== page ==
Ema (2019): ‘Venice’ review – Love and dance delirium of millennials?

The darkness of the night is suppressed by the fiery particles of the traffic light in flames. The silent streets of the quiet Chilean coastal town of Valparaiso will soon be replaced by the sirens of fire trucks, ready to suppress the chaos left behind by the blond-haired millennial pyromaniac. The opening shot of Ema (2019), ​​Pablo Larrain’s latest work simultaneously manages to impress and shock with the extraordinary beauty of destruction, while completely suppressing any possibility of anticipation and anticipation of something that might follow in the next 102 minutes.




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Pablo Larrain has built his career over the past five years with the films Club, Neruda and Jackie. Each of these three works was a unique conventional narrative film, with a strong script, solid dialogues and a visual identity that fit perfectly into the story itself. The common thread of these works was the psychological deconstruction of the more or less known lives of socially / historically prominent persons. Still, when it comes to Emma, ​​all that we knew about Larrain’s work becomes irrelevant.

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Unusual orgasmic audiovisual pulse

The film follows the life of the title protagonist of dancer Ema (Mariana Di Girolamo), who additionally prepares dance workshops for children, and her husband, dance choreographer Gaston (Gael García Bernal), in love with surreal and symbolic movements. After Polo (Cristián Suárez), the couple’s adopted son, causes a series of morbidly upsetting incidents (fire his aunt’s face, kill the cat by putting it in the freezer), Emma and Gaston return the boy to the adoption home. As much as the physical scars of the boy’s actions can be seen, the mental wounds that Polo leaves on his adoptive parents are still much deeper …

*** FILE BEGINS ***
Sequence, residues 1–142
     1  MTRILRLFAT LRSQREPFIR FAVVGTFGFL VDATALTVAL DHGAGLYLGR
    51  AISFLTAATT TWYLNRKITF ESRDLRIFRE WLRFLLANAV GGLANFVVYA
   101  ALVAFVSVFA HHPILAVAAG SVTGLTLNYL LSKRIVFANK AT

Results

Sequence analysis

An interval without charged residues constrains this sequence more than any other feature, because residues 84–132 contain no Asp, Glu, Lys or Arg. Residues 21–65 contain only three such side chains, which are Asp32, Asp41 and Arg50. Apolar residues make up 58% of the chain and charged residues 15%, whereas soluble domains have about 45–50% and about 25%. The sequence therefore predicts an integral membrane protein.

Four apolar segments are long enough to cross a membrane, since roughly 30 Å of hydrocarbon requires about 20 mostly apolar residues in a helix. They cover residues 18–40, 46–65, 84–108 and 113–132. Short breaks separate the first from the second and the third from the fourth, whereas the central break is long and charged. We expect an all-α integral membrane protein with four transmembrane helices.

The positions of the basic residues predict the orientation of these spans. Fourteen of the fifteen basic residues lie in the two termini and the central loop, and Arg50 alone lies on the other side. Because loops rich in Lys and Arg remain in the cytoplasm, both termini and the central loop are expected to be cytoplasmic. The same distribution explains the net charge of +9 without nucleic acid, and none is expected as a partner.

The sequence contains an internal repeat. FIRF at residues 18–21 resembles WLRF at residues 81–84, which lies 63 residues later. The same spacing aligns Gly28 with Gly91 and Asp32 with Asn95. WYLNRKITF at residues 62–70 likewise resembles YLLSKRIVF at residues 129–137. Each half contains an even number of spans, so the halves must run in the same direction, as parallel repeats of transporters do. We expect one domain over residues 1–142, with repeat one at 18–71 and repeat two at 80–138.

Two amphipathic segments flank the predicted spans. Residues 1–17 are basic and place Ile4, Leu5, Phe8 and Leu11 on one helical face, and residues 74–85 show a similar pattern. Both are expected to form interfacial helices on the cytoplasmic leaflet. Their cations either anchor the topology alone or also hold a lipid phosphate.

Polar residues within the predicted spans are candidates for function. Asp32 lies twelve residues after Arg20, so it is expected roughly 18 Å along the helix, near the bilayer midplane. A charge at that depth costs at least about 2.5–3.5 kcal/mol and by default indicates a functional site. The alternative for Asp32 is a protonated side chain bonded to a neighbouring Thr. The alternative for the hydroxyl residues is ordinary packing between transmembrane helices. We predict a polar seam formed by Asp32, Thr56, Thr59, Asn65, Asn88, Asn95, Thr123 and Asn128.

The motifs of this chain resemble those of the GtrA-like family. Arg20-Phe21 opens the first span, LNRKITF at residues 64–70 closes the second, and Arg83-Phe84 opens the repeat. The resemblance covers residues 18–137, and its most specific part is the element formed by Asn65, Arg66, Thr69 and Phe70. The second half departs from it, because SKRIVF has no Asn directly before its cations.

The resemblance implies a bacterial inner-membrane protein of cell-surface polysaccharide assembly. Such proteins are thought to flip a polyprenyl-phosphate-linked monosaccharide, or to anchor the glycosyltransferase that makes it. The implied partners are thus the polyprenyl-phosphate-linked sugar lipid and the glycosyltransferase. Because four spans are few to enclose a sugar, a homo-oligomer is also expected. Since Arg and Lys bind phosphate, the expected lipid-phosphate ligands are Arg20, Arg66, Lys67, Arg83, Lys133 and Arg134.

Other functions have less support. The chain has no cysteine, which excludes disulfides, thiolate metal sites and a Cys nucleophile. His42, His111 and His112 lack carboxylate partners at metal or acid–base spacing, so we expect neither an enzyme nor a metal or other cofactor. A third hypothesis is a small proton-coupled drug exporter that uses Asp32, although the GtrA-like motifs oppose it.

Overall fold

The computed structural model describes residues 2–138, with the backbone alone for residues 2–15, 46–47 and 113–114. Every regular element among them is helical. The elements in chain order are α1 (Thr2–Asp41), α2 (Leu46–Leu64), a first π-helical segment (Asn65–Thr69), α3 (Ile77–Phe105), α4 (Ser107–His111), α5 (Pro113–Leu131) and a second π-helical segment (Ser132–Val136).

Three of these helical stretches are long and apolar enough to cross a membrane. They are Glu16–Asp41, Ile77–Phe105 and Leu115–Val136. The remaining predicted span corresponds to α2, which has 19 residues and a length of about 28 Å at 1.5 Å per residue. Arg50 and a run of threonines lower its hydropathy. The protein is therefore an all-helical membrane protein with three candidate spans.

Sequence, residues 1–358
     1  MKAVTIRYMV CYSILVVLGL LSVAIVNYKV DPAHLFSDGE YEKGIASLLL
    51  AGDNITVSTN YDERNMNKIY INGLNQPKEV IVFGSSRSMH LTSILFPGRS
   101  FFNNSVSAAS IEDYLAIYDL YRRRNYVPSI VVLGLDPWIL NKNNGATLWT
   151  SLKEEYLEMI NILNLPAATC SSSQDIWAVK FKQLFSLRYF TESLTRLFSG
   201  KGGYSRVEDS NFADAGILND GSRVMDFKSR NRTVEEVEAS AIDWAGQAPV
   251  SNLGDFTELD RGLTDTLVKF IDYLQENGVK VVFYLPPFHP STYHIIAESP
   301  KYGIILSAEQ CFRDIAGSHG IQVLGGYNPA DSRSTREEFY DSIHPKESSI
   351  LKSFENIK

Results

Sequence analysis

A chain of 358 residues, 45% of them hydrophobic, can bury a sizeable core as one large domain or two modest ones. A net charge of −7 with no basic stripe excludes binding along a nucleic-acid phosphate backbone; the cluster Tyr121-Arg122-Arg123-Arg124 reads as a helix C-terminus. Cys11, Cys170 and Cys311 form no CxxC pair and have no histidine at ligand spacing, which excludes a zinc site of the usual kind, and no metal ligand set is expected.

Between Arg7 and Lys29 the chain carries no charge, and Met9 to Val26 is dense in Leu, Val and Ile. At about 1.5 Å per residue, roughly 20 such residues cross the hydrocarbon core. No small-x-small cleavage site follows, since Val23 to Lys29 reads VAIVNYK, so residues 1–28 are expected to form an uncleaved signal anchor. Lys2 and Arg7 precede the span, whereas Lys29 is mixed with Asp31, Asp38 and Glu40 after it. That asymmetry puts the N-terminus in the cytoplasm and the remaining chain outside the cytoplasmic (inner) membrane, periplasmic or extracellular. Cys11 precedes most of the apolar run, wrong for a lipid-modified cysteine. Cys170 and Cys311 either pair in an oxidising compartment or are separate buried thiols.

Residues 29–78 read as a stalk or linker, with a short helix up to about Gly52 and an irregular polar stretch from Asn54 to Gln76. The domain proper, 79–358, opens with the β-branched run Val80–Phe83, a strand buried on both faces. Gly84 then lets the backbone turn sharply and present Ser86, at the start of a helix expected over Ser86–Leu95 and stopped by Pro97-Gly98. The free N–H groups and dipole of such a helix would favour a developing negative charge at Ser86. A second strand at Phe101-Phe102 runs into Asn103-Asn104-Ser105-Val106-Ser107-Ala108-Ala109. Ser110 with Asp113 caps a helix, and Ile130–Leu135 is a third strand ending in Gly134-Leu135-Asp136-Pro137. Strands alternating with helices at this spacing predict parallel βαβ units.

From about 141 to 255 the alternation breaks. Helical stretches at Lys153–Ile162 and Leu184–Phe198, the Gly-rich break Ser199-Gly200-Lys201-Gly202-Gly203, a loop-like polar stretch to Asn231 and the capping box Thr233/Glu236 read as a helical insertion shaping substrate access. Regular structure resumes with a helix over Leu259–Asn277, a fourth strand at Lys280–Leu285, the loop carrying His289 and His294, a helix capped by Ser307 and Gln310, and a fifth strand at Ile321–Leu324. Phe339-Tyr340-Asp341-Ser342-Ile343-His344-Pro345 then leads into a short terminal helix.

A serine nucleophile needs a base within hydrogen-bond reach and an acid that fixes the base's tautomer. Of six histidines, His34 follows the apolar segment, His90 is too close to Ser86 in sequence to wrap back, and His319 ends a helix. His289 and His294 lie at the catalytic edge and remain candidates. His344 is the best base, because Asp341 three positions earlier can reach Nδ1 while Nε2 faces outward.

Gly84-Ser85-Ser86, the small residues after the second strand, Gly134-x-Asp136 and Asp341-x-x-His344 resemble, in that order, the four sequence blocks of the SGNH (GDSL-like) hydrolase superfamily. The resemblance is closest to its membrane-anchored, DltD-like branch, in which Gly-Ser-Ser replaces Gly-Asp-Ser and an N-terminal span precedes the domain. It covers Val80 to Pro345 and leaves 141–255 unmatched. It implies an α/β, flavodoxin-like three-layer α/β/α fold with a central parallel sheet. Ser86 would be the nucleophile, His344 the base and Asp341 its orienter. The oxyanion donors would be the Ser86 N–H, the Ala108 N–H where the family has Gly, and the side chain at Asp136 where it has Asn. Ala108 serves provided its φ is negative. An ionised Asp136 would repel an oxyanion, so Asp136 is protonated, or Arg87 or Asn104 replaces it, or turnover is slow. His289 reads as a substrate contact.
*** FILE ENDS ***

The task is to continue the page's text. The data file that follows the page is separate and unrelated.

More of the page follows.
It is a work that sits on the verge of a surreal, symbolic of a filled dance and a very simplistic family drama with elements of mystery. The classic linear narrative is changed by the director for the anarchist dramatic play of visually orgasmic shots whose cinematography is signed by Sergio Armstrong and the unbearably contagious musical pulsations of the musical maestro Nicholas Jaar.

A climatically mysterious narrative

Emma’s, ​chaotic erotic-charged dance/mental journey from the moment of parting from her son Paul is the driving line of the film. What initially leaves an impression of the unarticulated and the lost, which Larrain tries to sell us as incidentally and irrelevant in the long run, has significance for the development of the film and the unexpectedly conventional and wisely conceived ending. However, it is very difficult to discern how suspiciously and concealing the narrative happens intentionally and how pure is the coincidence and happiness that accompanies the director. The superiority of the audio-visual aspect of the film compensates for the simplicity, the absurdity and the irrelevance of the film’s story itself.




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Ema and her dance troupe are clearly the faces of a generation that is gaining a central role in the business world. Yet, as the film itself portrays, millennials have more ambition, desire more freedom and deal with the world differently than they did in previous generations. Although at first all of these dreams and ideas may seem hyper-erotic, superficial and chaotic, in the long run, as the film shows us, things just settle down and come to a harmonious and meaningful starting point. For the protagonist Ema, ​​at the intersection of her twenties, life goals equally rely on freedom of expression, a career, and the founding of a family community, according to her own conventions.

All in all, Pablo Larrain has masterfully transcended the conventions of his past work and served an audio-visual treat for true cinephiles. Ema (2019) is a movie that is hard to talk about without spoilers, and which needs to be experienced because, because of the extraordinary performance that the director has decided, the only valid judgment on this work is the subjective one.